The constraints are also very similar for all pieces of media. An attitudinal constraint would be that Everest is not interesting to everyone. A person uninterested in Everest would not be inclined to enrich themselves in these pieces of media. The CBS video has its own sets of constraints as it’s a video. There are situational constraints like the ability to not be able to view the video, or attitudinal constraints since it’s an interview and the flow of the conversation can be choppy. It is also constrained by time. The video can’t be too in depth because it must fit a specific time slot. The articles in “The New York Times” and “Insider” are inversely constrained by the length and level of detail. The article in “Insider” can be constrained by a lack of interest regarding permit processes of other countries.
Nothing can compare to a personal account of what happens on Everest. In the CBS interview, an example of Ethos would be using Davidson as a credible source because he has firsthand experience of what it is like to be on Everest and the changes he has witnessed in the past few years. He summited in 2017 after an avalanche nearly killed him a few years before. He first addresses the permit process in which there is no stringent requirement in who can receive one.
He explains the overcrowding problem and calls for a change in the government’s permit process suggesting that the responsibility should fall on the government to restrict permits, as well as requiring guide groups to screen out ineligible climbers, and most importantly that the individual climbers know their capabilities. Similarly, the article in the “New York Times” follows the journey of experienced climber Ed Dohring. This account of another summiteer who has witnessed the problems firsthand gives the article credibility. The article cites his accounts of a congested and littered mountain. These two pieces of media have similar uses of ethos to give credibility to the media’s claims. This contrasts the article in “Insider” which has no significant use of Ethos but mirrors the information presented in the other pieces of media.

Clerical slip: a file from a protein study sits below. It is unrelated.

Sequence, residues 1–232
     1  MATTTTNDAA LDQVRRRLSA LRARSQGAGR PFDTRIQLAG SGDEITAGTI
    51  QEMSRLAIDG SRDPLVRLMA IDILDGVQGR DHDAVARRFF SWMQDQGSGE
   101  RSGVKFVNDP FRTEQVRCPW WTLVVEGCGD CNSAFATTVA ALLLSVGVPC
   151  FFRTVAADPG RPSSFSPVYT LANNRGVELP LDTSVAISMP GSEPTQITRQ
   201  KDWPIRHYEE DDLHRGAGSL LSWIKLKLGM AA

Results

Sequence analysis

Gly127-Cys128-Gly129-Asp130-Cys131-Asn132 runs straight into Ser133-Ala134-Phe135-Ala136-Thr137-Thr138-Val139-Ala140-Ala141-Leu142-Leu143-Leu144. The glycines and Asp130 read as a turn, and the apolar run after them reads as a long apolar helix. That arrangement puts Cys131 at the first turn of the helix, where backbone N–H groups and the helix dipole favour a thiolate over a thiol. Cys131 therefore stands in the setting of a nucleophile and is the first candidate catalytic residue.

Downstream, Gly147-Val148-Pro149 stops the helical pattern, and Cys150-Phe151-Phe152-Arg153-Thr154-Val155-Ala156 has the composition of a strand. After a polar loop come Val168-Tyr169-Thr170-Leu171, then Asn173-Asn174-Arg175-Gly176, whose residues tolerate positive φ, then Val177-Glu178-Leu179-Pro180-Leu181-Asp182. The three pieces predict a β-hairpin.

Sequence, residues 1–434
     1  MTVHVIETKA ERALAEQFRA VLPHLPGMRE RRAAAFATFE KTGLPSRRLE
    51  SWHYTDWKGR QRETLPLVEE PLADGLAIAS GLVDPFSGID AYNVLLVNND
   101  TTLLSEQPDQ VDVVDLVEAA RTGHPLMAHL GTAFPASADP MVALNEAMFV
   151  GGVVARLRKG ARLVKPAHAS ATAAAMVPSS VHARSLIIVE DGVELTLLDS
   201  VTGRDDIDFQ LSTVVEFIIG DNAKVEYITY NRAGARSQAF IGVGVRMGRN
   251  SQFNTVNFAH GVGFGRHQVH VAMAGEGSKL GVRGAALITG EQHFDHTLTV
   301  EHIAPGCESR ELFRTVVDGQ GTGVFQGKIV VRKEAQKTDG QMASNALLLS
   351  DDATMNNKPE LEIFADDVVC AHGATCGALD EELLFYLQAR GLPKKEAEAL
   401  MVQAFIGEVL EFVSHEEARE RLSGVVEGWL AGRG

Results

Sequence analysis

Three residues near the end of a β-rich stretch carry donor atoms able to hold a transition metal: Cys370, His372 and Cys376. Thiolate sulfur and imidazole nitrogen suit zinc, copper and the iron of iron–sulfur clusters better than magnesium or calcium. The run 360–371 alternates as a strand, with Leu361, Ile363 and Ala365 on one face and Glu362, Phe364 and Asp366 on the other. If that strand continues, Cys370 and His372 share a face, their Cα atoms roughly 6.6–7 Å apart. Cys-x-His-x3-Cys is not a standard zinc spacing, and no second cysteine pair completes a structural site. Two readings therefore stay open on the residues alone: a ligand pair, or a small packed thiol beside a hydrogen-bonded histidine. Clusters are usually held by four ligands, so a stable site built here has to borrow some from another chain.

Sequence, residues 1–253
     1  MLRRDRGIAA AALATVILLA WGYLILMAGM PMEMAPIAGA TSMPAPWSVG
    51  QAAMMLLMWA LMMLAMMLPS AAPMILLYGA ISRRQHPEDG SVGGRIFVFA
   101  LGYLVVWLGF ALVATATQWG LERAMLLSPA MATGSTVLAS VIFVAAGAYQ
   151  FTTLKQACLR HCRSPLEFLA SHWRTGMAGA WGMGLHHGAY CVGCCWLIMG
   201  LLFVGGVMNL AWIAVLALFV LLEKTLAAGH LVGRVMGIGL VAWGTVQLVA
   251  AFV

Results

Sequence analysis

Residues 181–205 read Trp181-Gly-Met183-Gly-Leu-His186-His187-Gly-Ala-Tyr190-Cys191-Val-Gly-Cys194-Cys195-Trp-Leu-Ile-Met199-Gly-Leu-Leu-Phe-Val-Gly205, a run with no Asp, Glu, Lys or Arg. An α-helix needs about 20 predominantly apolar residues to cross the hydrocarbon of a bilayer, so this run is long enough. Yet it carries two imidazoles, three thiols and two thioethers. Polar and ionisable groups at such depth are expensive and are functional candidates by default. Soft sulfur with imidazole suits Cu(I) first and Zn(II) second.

Pathos appeals to the audience’s emotions. The emotional triumph of Davidson’s conquering of Everest after he almost died on Everest draws the audience immediately in the CBS video. The use of this close call to standing on top of the world is meant to give the video an enticing hook as well as give some background to his story. Davidson is able to tell a story of what is happening on Everest. He explains why the amount of people on Everest can create problems. When there are an excessive number of permits given out it can create backups in an area called the death zone. He tells the audience that this is a place where bottled oxygen is necessary to survival. When there are backups people’s oxygen tanks can run out before they reach the summit, or on the way back down. This account of what happens on Everest makes it clear why too many permits can add to the risk factor. He also describes what can happen when people get “summit fever.” This occurs when the body and the mind battle on decision making, leading to poor decisions such as summiting when the body knows it can’t. An uncoordinated body and mind leads to death on Everest.